By TwoCircles.net staff reporter
Malegaon : Indian Muslim Congress Party or the Third Front, which emerged as the single largest party in civic polls with 26 seats in 72-member house, is all set to join hands with Shiv Sena in order to form a coalition on common grounds of development and progress. Interestingly, it is Shiv Sena and not the so-called secular Congress and Janata Dal (S) that offered to extend its support to this entirely new party led by the Imam of Jama Masjid and head of Jamia Islamia Madrasa.
A not-so-open meeting between IMCP and Sena leaders was held Friday which proved to be inconclusive. But the two parties held the first open meeting here Saturday when IMCP conceded the Sena demand that the deputy mayor of the city would go to a Saffron candidate. They also decided that an IMCP delegation would call on the Sena supremo Bal Thackeray to discuss with him some important issues.
Thane Shiv Sena MLA Narlekar, Nasik Shiv Sena leader Sunil Bagel, Dabhadi MLA Dada Bhase, Sanjay Dasane, local Shiv Sena Pramukh Ramastri and IMCP president Mufti Muhammed Ismael Qasmi, Majeed Bakharwale, Abdul Aziz Muqadim, Saleem Apsara and Khursheed Pahalwan attended the two-hour long Saturday meeting in a cordial atmosphere.
Narlekar said Shiv Sena has offered to support the Front on the issues of development and progress of the town.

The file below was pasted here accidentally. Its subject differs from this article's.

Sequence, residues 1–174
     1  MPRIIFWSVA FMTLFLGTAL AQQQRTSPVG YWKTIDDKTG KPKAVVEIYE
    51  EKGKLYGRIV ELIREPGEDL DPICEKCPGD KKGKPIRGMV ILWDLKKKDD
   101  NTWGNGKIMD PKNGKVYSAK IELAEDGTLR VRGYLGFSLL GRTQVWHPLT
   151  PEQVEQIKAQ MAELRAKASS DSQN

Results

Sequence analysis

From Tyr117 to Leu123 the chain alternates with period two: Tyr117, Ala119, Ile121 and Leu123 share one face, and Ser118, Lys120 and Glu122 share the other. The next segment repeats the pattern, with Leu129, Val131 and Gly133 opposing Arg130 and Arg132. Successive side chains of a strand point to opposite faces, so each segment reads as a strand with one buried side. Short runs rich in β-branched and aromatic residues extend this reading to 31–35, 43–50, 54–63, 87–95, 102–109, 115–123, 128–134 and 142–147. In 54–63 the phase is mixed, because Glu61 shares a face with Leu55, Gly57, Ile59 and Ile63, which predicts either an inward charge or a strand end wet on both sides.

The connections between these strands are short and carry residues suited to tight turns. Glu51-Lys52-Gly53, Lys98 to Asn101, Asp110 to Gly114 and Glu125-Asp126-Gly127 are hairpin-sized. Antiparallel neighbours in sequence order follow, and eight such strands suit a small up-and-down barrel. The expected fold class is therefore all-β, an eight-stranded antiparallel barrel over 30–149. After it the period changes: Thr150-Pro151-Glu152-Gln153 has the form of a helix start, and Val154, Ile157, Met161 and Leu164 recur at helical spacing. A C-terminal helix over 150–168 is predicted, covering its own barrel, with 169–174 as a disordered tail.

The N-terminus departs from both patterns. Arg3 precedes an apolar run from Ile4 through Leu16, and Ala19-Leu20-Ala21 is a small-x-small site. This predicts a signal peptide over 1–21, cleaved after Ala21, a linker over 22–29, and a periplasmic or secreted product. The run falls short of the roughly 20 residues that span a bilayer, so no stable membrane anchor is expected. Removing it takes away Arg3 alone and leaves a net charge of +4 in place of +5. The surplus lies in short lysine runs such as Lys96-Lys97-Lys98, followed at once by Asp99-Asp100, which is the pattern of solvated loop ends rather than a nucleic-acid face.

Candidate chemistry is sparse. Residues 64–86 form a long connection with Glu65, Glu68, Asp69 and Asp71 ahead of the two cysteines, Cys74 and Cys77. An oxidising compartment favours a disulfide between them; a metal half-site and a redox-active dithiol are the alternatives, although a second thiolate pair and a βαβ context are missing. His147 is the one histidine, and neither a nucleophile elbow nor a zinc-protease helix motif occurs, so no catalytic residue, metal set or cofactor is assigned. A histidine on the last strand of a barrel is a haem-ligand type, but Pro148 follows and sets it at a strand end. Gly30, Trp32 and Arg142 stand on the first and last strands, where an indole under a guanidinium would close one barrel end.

The 46-year-old Mufti Ismael said, "We have the confidence of the entire town. The Third Front will take a straightforward decision to fulfil the wishes of the voters by taking a lead in this new direction."
He said the desire to make a difference came after years of helplessly watching the neglect.
Political observers are of the view that the Third Front will succeed in capturing power in its very first attempt; for, in the emerging chemistry of local politics the coalition is all set to cross the magic mark of 37 in the 72-member Malegaon Municipal Corporation with Third Front 26 seats, Shiv Sena 7, Nav Nirman Sena 2 and Independents 2 seats.
The IMCP lost around 13 seats by margins as low as five to 13 votes. However, despite being a front of Ulema and Muslim community leaders, the party gained the ground on the issue of vikas and bhaichara (brotherhood) in the communally sensitive textile town, where around 75 per cent of the estimated six lakh residents are Muslims.